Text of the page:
I realize we’re just past Halloween right now, but I wanted to share this pumpkin project for future reference!
A few weeks ago, I invited some friends over to paint some faux pumpkins. Am I an artist? Hell no. Yet I still attempted to paint a gingham pattern on a pumpkin. The results were not impressive, but the point was to do an activity that didn’t involve a screen. That part was a success.
A week later, I had 1 pumpkin leftover. A leopard print fan to the core (hello, have you seen my formal living room?) I thought it would be cute with a leopard print design on it. Based on my fail of the gingham pumpkin, I started searching for a way I could do this in an easier way – similar to how I made my DIY lettered wedding jacket.
I found this tutorial online for decorating a pumpkin with temporary tattoo paper. With that tutorial in mind, I took the leopard print design that I wanted on my pumpkin and printed it on paper to make sure if the size and scale would work. I enlarged the print until I was happy with the size, and then it was ready to print onto the temporary tattoo paper. You can use my final file here, if you need a starting point.
A note about this tattoo paper: make sure you’re printing on the correct side of the paper! I messed this up the first time trying to rush through it. Not a huge deal, but it wasted some time and ink.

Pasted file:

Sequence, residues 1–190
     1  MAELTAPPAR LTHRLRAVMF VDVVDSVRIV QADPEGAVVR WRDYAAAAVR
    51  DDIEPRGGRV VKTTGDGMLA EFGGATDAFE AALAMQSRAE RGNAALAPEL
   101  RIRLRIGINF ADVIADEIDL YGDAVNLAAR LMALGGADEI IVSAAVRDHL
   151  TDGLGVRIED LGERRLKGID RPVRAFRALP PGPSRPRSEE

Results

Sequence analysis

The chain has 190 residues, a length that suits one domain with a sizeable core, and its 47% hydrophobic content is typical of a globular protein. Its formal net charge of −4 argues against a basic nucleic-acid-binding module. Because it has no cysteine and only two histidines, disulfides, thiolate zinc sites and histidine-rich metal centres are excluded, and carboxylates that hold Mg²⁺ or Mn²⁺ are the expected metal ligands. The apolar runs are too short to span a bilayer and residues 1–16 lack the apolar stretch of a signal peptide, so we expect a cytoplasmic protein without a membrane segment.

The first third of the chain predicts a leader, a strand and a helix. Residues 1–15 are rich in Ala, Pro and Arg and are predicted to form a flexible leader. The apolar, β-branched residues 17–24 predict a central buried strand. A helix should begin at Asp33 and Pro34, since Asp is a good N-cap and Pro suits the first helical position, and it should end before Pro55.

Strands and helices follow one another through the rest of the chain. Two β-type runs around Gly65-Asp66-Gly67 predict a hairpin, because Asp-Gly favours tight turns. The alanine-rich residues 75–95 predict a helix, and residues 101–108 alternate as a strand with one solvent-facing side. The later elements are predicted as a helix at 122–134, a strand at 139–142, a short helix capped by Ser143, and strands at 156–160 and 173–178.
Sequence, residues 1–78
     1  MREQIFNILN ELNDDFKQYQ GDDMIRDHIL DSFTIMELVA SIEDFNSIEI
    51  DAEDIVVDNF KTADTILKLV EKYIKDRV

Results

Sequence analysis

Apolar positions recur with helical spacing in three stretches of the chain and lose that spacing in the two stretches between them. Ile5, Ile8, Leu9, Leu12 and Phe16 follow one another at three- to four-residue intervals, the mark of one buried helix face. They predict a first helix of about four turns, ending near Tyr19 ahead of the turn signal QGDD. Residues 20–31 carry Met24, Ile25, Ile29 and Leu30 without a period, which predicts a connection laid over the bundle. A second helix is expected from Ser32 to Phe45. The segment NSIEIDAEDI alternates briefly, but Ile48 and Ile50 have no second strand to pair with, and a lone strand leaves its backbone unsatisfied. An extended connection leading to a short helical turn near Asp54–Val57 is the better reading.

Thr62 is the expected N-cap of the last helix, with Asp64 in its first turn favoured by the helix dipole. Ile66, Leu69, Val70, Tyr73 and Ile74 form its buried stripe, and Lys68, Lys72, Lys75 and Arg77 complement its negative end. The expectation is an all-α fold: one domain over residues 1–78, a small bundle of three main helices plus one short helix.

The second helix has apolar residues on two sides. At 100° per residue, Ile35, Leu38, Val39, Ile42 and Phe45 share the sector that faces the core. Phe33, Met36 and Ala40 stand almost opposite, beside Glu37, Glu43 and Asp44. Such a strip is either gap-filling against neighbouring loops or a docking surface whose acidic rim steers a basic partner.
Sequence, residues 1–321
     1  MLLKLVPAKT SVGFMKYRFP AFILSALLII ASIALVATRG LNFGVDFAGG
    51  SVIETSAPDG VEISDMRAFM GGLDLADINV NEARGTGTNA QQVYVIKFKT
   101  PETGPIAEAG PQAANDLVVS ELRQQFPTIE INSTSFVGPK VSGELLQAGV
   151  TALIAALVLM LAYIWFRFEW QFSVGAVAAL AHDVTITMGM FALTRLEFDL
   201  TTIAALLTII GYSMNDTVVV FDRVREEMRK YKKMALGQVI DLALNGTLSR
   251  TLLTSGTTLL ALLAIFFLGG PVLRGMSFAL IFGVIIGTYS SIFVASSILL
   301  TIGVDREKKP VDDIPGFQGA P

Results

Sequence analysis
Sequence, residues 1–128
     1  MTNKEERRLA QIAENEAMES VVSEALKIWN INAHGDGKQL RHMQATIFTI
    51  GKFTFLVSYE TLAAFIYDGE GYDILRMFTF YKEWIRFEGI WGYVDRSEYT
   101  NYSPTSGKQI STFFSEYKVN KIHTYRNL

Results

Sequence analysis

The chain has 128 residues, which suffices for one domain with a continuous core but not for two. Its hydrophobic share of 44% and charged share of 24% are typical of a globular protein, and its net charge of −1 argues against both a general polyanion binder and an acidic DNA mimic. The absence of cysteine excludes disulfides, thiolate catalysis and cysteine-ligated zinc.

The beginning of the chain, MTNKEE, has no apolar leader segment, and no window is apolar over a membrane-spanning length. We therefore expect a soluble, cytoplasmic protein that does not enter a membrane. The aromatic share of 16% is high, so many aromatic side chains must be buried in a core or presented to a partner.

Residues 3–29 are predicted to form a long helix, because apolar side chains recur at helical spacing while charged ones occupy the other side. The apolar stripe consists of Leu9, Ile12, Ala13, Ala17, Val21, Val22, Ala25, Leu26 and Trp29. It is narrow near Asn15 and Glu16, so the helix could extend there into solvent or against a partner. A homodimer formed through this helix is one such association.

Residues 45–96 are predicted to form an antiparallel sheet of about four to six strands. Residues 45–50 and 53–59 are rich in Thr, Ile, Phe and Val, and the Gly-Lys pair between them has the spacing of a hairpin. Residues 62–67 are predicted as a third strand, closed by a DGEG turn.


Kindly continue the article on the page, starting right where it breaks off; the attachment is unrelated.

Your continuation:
Once I printed the design on the paper, I simply cut out the pieces of the print and placed them where I wanted them to go. I used the same method you would use on a temporary tattoo on the skin: place the design down on the surface, and then put a wet cloth over it for several seconds until the backing peels off. Once the design is transferred, use a wet fingertip to pat down any edges or bubbles.
Since the material of this pumpkin was a plastic/resin and was already the color I wanted it, I didn’t paint the pumpkin before I started applying. If you wanted a different color pumpkin to start with, you could spray paint it and apply the tattoos when the pumpkin is completely dry.
When you’re done applying the tattoos, you can spray it with a protective coating (like a clear Krylon acrylic coat), or leave as is. Mine looked fine as-is, and it was only being used indoors, so I left it uncoated.
I think this method would work for so many things, and I may try it next on Christmas ornaments!